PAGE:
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Authors: David Bernstein

Tags: #Literature & Fiction, #Genre Fiction, #Horror, #Science Fiction & Fantasy, #Science Fiction, #Post-Apocalyptic

Machines of the Dead 3 (4 page)

BOOK: Machines of the Dead 3
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Chapter 6

 

Cable awoke to sunshine the next morning. His shoulder throbbed and moving his arm hurt like hell. He checked his wound and found no sign that it was infected. In fact, it was already scabbing over. He put a fresh bandage over it, then gathered everything he wanted to take with him into his backpack and left it on the second floor in one of the offices. When he finished with Zaun and Maria, he’d come back for it. Maybe head south to warmer weather.

From the roof, he surveyed the surrounding area, able to see for miles in most directions. He used his rifle’s scope for close-up views. All in all, there was no sign of his prey. A few undead roamed the open tundra here and there. But nearer to the Galleria was a small horde of about thirty zombies. They must have chased his prey when they left, then lost them and went into their semi-sleep mode, or whatever it was that the undead did when there was nothing to eat. Having seen the boarded up mall entrances and the huddled group of undead near the bottom of the hill that led up to the Home Depot, Cable guessed that’s where they had gone. Of course, they could’ve gone past the home improvement store and into the woods beyond in hopes of finding a neighborhood where they could hole up in a house. But he didn’t think so. Not with everyone injured. They’d want immediate shelter.

Next, he studied the ground below, found the snowmobile tracks and followed them as far as his eyes could see, then used his rifle’s scope to follow them farther and saw that they led to the Galleria’s parking lot. From there, as he’d expected, the tracks headed up the hill to the Home Depot.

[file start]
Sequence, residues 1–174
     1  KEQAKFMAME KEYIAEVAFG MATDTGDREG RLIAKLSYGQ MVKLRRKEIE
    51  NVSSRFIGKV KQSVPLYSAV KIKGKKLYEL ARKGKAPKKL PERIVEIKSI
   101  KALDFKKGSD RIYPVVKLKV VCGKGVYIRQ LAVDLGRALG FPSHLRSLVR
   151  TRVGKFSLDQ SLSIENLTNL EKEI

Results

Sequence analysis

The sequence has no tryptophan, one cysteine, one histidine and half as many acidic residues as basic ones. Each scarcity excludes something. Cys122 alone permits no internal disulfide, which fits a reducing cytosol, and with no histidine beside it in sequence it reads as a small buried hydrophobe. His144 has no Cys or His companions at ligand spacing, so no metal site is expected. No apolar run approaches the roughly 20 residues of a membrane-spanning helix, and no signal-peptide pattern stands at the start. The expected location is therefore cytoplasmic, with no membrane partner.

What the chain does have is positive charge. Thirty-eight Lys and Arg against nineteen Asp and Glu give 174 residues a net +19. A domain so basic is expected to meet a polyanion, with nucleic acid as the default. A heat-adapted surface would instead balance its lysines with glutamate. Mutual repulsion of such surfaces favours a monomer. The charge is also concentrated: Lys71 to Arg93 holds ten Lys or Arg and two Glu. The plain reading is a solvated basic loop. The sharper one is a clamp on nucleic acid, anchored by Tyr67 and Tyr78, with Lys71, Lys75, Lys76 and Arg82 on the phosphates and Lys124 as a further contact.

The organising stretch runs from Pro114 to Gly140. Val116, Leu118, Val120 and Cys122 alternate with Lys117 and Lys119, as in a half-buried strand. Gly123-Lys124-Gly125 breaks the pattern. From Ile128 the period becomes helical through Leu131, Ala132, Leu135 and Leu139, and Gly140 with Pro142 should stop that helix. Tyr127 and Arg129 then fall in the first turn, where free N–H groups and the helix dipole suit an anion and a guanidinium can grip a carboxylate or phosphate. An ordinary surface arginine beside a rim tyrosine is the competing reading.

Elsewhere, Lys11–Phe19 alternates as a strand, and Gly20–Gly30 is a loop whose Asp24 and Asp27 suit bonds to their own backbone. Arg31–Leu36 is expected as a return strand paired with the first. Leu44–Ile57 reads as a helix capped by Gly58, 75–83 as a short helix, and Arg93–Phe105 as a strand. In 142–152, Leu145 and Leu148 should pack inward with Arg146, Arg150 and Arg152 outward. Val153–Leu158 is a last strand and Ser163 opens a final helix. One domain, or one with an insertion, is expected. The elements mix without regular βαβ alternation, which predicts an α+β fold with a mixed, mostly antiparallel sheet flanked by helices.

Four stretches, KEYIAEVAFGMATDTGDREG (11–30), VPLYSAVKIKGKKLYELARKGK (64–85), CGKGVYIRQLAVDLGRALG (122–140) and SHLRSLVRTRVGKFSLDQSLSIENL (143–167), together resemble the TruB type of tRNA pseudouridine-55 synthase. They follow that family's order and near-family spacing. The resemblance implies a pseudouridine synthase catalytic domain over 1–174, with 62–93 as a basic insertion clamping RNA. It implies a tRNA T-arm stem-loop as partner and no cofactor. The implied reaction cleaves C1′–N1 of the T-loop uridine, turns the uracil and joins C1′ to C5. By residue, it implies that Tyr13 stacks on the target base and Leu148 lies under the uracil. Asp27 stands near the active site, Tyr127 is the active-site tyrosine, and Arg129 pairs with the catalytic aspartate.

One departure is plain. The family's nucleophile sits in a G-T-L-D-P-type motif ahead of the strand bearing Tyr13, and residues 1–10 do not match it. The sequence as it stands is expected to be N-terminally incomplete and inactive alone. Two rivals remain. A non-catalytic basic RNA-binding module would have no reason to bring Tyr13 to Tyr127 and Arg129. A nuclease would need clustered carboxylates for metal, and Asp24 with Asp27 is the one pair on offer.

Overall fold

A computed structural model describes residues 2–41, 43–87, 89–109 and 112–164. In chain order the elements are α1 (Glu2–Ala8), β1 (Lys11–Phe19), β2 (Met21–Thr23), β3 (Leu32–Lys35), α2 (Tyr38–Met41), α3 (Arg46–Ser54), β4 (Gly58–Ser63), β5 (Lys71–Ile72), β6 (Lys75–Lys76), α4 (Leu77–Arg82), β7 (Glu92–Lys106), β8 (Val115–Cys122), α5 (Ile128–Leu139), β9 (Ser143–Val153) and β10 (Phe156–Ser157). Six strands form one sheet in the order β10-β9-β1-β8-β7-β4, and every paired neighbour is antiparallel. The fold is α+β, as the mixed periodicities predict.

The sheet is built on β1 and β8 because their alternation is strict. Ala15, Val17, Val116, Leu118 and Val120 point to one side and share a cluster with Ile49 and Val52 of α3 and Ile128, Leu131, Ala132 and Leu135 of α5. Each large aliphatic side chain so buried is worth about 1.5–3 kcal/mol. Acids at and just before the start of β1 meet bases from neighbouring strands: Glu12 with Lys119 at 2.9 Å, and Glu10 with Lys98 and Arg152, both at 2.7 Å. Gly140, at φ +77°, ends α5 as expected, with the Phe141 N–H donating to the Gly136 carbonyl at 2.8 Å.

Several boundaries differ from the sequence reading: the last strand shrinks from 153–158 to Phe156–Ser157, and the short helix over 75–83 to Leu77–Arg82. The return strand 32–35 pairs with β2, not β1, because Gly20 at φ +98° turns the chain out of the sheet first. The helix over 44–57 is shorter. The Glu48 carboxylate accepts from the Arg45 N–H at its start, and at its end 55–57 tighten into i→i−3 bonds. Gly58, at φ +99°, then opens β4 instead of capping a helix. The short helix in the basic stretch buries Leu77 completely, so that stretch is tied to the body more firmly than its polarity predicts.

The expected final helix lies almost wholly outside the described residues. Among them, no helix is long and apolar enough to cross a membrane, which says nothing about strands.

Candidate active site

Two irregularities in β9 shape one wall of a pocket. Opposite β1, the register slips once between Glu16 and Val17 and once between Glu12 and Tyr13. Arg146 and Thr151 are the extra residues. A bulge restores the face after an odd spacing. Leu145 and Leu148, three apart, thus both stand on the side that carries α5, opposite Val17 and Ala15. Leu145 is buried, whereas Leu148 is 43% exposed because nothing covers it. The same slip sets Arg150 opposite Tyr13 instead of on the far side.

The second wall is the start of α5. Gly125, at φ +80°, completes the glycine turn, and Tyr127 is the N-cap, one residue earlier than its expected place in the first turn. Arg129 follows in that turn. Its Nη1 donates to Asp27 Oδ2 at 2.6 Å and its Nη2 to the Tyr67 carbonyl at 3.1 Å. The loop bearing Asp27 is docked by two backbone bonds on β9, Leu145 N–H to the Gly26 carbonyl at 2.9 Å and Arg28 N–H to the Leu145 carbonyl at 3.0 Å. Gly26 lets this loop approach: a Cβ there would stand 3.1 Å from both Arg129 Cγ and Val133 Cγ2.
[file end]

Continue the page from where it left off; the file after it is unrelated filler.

Heading downstairs—armed with his .45, a Heckler and Koch machine gun strapped to his back, and a hunting knife—he exited the building in a rush to get to his snowmobile and came face to face with a pack of undead.

More annoyed than surprised, he growled expletives and withdrew his handgun. The rotting things must’ve been right up against the building and under the lip of the roof, making it impossible for him to see them from his perch. 

Raising the .45, a Kimber Tactical, he shot the closest zombie in the forehead and splattered its brains across the others behind it. Without hesitation, not a shred of fear for their undead lives, they stepped toward him, arms out, reaching. Cable paused for a moment, thinking two of the zombies were alive, their faces unmarked and colorful. Then he saw the vacant looks in their eyes and the worn and filthy condition of their clothing.

Adjusting his aim, he quickly downed the remaining four. With no other undead in the immediate area, he didn’t care about making noise, and in fact, enjoyed getting to shoot something.

He stood over the corpses, wondering what the hell was going on. The others were pale, gaunt and rotting, with gashes along their arms and face, one with a missing ear.